Symptoms and Impact
Symptoms of Plum pox virus (PPV) can be conspicuous or very subtle on stone fruit trees. They vary in type and severity with the strain of the virus, timing of infection, cultivar, and environmental factors. Diagnostic symptoms occur mainly on leaves and fruits in New York. Leaf symptoms include vein yellowing or light green to yellow rings. Foliar symptoms may develop during the cooler temperatures of spring and fall but fade during the host summer months. Plums can exhibit acute symptoms, including chlorotic and necrotic ring patterns or blotches. Please leaves may show leaf crinkling, puckering or curling. Apricot leaves show lighter symptoms than plum or peach.
Flowers on PPV-infected peach trees may exhibit color breaking but only on cultivars with large showy flowers.
Peach fruit may develop lightly pigmented rings or line patterns that result from the convergence of several rings. Apricot fruits may be misshapen, turn brown or become necrotic and may have rings on the surface of the seed. Plum fruits are often deformed and have dark rings or sports and a reddish discoloration of the flesh. Also, some plum cultivars can drop fruit prematurely.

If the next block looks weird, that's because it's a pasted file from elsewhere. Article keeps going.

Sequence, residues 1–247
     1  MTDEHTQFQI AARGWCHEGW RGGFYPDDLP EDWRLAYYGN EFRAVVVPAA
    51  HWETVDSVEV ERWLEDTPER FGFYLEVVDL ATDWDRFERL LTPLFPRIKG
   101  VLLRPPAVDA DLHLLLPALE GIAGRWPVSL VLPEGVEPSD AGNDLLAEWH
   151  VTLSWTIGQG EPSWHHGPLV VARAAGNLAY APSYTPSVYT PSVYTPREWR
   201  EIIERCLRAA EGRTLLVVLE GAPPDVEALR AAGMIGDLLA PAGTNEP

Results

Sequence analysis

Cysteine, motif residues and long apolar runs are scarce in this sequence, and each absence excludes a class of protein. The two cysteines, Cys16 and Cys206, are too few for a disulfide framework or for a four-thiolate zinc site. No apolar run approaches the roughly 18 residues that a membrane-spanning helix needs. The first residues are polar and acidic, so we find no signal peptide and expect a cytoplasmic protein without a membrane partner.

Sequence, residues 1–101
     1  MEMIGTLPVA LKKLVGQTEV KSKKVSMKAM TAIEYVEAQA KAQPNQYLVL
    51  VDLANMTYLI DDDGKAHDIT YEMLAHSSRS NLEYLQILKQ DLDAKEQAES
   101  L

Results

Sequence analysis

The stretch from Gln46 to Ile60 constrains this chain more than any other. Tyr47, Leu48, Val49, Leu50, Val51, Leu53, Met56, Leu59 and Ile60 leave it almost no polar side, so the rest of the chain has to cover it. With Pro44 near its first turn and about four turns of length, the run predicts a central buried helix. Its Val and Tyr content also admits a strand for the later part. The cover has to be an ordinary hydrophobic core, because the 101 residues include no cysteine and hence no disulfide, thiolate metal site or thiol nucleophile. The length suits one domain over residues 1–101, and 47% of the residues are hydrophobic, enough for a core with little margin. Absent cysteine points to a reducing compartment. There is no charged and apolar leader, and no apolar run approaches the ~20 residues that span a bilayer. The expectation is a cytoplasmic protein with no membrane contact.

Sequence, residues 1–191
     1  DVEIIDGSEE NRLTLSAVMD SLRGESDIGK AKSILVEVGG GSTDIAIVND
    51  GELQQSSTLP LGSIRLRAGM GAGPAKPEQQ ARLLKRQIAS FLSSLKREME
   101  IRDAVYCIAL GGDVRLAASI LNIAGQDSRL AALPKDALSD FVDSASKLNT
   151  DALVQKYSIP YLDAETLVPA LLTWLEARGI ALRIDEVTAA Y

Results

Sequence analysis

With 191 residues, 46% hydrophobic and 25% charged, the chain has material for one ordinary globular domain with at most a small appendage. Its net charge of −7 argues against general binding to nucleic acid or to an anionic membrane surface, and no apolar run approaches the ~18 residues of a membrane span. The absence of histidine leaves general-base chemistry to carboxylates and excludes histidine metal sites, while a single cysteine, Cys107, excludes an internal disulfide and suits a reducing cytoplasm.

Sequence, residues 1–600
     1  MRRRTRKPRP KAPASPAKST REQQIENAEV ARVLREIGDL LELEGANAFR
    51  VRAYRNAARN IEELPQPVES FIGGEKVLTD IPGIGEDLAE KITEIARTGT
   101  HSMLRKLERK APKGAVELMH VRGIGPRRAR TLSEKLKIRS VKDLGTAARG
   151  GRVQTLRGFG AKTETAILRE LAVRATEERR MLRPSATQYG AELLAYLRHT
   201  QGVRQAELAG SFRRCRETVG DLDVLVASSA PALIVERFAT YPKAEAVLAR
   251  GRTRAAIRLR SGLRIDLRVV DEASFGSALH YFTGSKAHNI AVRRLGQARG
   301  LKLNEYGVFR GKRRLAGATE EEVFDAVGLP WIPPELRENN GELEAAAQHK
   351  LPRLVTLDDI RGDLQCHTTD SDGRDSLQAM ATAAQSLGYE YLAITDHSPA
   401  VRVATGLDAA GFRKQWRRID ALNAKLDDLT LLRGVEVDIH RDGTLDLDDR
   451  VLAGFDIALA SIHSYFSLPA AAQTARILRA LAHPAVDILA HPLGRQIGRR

Symptoms of PPV occur sporadically and often are not apparent until three or more years after infection. Newly infected trees are rarely symptomatic. It is critical that symptomless trees be regarded very seriously as they will act as a silent virus source for further infections.
PPV is the most widespread disease of stone fruits in Europe. This virus reduces fruit yield and quality. It also shortens the productive lifespan of orchards and can render stone fruit trees useless for fruit production. Even symptomless trees produce reduced quantities of fruit. The economic impact of PPV to the peach, plum and apricot industry worldwide is estimated to $600 million per year.